- Justin Hunter
The voice on the other end of the line was heavy, gravely, and slow like someone who had just woken from a deep sleep. But it was the middle of the afternoon, and I knew he hadn't been sleeping. He probably wouldn't be sleeping for days. His wife's Toyota Rav4 had launched over the guardrail on an overpass and landed 100 feet below. She died at the scene.
And it was my job to talk to this man—this widower—about fucking insurance.
It was in conversations like that, the deepest and most painful moments of someone's life, that I realized the importance of listening. I'd always felt like I knew what listening meant. I'd always thought I did a good job of it. But when I was working in a call center in Tucson, AZ, investigating insurance claims, and speaking to people who had been injured or had family members injured or killed, I realized that there was another level of listening I hadn't quite learned.
When you are speaking with someone and you have an agenda, you tend to have a list of questions you want to get through. You want to check your boxes and move on. You may find yourself asking questions that don't make sense based on prior responses from the person you're speaking with. But you ask them because they are on your list of questions to ask. You may have been able to get away with it because people are usually polite and will give you the benefit of the doubt. You won't learn as much, but you'll get by. Now, try that with a grieving widow or someone who just lost their leg when a drunk driver ran a red light. The benefit of the doubt goes out the window when people are mourning and angry. You cannot simply check your boxes and hope for the best.
You have to LISTEN.
I spent five years working in an insurance claims call center, moving from the front-line phones to investigations to management. Those five years better prepared me to be a founder and a product person at startups than anything else in my career. Those five years taught me how to talk to people.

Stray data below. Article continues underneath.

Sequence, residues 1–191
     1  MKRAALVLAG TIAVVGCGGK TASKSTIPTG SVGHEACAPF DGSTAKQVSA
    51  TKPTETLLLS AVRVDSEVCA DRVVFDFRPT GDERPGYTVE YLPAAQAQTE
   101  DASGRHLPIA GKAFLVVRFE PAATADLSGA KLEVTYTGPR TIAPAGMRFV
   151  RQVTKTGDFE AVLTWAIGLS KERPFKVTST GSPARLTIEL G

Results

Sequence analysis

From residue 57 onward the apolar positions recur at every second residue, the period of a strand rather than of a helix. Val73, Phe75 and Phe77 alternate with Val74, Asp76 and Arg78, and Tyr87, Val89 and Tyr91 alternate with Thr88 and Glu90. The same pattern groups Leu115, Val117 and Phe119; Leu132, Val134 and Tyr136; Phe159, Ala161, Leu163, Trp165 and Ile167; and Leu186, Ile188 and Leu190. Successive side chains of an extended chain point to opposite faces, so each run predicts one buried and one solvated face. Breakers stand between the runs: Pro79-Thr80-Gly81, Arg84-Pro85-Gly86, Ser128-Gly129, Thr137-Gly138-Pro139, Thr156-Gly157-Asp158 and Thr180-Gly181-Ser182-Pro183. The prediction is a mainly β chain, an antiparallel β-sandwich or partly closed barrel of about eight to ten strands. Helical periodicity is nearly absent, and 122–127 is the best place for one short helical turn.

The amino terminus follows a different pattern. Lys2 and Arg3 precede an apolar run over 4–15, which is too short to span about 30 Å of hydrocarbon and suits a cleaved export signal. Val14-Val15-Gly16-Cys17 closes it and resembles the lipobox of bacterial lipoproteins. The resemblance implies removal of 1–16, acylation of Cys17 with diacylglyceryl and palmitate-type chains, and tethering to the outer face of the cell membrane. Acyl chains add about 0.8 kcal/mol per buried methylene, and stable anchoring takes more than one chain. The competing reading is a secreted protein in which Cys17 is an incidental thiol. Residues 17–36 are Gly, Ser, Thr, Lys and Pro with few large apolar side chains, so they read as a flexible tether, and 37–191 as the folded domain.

I hadn't considered it until recently, but I can now see the impact of my time in the call center in the customer conversations I have today. Now, it feels natural to start with a loose framework of questions and then immediately go off-script because of a response. It feels natural to go into a call without any agenda at all beyond listening and learning. I've even gone so far as to apply this to hiring. When conducting a job interview with a candidate, I often have just three questions prepared ahead of time:
Can you tell me about your work history and background?
Why do you want to work here?
What questions do you have for me?
Despite having just three simple questions, the job interviews I conduct blossom into a half-hour (or hour) of riffing off one response after another. You can only do this if you're paying attention. You can only do this if you're listening.
I mentor startups, and the most common problem I see in the way these very early-stage companies approach customer and market research is that they treat it like a chore, like it's some job a parent has handed out to them. That, or they treat it like a sales opportunity.
In the early stages of building a company, you don't know who your customers will be. You don't know what your final product will be. You don't even know the market. The only way to learn is to talk to people. Yet, so many people miss their opportunities because they aren't listening.
You don't need to go work in a call center for five years like I did to learn how to talk to people. You can do it through practice. But you have to embrace the process and treat it like an opportunity, not a chore. Just think, you get to go out and do all of this (hopefully) without ever having to interview the husband or wife of someone taken from the world too early.
Consider your life easier, and go out and talk to customers. And listen.